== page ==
Re: McCain - The American Spectator | USA News and Politics
Re: McCain
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Quin, I have no insider knowledge as to whether this happened, but I think there are a few reasons to view this story with a grain of salt. Whether or not conservatives agree, it’s no secret that Democrats generally view John McCain as their most formidable GOP opponent, and they see Mitt Romney as quite beatable. So clearly, there is an incentive for Tom Daschle and the other Democrats quoted to want to weaken McCain before Super Tuesday. And the fact that this story that happened seven years ago is coming out just days before the big day should give us pause. Furthermore, like with the Kerry VP talk, the proof is in the pudding. It never happened, McCain stayed a Republican.

Meanwhile, as for the other lie that you pin on McCain–with regard to his comments about Mitt Romney on Iraq–Charles Krauthammer had a take on FoxNews last night that I think is worth considering. It’s generally my view, although characteristically better stated by Krauthammer. The short version is that McCain was right to say that Romney favored a secret timetable, but McCain went overboard when he tried to put him in the same category as Hillary Clinton.

Anyway, here is his full take:

CHARES KRAUTHAMMER: “On this particular exchange, I’ve looked at this quotation every which way, and even though McCain exaggerated, this is not exactly the equivalent of waving the flag the way Hillary did in her response to a question about withdrawal in a debate, Romney protests too much. He pretends that what he is talking about was discussions with Maliki about timetables and benchmarks, is about everything except withdrawal. It’s about troop training and rotation, et cetera. However, the sentence after he talks about timetables he says, you want this in private, you don’t want it in public, because otherwise the enemy will know what you are leaving.”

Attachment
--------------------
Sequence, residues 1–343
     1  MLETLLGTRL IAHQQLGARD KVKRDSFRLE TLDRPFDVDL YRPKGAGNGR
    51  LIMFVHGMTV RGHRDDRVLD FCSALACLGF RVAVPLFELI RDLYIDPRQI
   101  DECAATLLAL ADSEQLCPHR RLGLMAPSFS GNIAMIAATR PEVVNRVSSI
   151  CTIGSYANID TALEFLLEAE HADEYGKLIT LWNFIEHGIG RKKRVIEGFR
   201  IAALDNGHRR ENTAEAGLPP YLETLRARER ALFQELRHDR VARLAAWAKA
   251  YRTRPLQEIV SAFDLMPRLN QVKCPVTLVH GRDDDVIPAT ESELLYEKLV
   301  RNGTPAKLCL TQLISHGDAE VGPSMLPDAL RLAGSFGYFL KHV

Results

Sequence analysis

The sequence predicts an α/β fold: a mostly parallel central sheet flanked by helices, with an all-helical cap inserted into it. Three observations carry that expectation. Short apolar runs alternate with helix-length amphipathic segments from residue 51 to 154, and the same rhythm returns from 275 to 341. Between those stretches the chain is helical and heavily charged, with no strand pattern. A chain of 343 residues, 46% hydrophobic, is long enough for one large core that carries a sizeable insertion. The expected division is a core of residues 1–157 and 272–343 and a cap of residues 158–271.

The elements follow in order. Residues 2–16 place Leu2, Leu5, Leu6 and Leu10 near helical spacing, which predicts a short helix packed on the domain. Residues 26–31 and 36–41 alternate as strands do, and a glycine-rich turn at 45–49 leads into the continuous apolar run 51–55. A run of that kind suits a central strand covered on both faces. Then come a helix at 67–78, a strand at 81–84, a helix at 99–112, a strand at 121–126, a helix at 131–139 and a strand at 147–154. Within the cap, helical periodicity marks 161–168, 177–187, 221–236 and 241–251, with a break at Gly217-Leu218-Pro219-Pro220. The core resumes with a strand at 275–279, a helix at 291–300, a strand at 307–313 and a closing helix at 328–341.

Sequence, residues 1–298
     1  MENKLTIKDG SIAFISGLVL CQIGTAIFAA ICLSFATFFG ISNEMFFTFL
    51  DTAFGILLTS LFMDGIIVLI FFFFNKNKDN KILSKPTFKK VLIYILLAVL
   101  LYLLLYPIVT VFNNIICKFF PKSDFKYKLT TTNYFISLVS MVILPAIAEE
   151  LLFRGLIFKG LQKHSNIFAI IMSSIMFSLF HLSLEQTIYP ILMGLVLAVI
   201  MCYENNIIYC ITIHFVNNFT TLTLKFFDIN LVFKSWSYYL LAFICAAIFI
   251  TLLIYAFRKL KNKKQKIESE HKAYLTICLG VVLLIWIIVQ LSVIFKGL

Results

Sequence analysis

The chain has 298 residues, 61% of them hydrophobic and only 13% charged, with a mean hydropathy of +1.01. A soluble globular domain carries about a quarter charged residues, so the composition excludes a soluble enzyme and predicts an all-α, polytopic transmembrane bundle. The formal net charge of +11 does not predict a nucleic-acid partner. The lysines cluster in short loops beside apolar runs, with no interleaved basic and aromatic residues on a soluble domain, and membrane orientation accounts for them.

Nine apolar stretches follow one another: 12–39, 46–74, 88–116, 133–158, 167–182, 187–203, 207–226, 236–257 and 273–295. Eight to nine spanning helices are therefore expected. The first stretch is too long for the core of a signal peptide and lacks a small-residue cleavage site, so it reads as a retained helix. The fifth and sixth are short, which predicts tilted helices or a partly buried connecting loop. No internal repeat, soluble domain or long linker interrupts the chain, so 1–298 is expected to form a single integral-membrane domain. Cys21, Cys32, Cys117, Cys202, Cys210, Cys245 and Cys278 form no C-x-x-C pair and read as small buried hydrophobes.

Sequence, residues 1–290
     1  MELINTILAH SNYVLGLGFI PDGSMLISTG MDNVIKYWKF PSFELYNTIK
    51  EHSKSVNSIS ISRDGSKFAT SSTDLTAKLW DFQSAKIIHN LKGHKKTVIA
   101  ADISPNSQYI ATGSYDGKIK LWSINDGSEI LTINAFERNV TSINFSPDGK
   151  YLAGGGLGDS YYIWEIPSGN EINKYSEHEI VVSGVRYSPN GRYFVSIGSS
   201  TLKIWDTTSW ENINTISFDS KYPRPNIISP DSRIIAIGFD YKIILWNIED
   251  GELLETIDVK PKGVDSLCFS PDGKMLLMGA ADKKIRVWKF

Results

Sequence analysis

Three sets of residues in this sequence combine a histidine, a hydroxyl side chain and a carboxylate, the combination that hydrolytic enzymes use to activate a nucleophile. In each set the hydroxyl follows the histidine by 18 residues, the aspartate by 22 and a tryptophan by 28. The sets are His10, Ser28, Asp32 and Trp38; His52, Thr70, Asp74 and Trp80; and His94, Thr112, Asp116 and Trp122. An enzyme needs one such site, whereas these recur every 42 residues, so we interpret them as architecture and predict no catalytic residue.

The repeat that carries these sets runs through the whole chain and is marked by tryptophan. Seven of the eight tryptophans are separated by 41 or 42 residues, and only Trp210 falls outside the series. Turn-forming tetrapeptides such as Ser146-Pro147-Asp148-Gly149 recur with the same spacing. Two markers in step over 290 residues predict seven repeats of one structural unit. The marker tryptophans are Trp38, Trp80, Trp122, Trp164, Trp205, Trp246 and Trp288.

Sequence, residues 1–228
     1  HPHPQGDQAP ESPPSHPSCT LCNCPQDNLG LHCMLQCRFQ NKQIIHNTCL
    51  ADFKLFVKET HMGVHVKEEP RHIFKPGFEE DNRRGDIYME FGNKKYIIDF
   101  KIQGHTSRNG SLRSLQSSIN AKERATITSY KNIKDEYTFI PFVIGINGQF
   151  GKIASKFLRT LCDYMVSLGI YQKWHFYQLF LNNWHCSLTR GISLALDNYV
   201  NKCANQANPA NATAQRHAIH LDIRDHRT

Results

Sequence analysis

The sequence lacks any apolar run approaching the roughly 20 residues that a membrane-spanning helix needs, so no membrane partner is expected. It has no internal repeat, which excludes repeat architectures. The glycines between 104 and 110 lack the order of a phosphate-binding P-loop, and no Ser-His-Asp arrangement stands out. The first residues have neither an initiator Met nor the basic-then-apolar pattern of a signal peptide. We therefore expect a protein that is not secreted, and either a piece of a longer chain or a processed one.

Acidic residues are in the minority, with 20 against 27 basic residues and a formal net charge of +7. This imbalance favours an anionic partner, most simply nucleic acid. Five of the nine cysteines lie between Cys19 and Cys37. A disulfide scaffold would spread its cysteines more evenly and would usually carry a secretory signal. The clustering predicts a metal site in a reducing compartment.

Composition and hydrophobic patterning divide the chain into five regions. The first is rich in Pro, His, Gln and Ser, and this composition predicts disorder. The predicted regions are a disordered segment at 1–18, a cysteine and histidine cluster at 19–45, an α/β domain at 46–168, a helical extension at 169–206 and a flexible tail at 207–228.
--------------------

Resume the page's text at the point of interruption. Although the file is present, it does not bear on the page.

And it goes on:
FOX NEWS’ BRIT HUME: “Which is one of the big arguments against a timetable.”

KRAUTHAMMER: “That’s the argument against, he says, against the public declaration of it. But he’s implying that you don’t want to say it publicly, but if you are saying that a public announcement will alert Al-Qaeda about your leaving, it means that the private discussion was about your leaving. So in fact, McCain is right. And look, this was in response to a question about withdrawal. It’s not to say that somehow Romney is a traitor or he’s calling for an immediate exit. He was hedging. He hedged in April, and it was not unreasonable. Nobody had any idea that the success — that the surge would be such a success. A policymaker would actually have to think, what do you do if it doesn’t succeed? And we’re now having discussions with Maliki about a long-term agreement in which we will have timetables of withdrawal ultimately. But in April of last year, and then in December of the year before, obviously Romney hedged on support of the surge and McCain is right, that he staked everything on the surge, because he believed that it’s better to lose an election than to lose a war.

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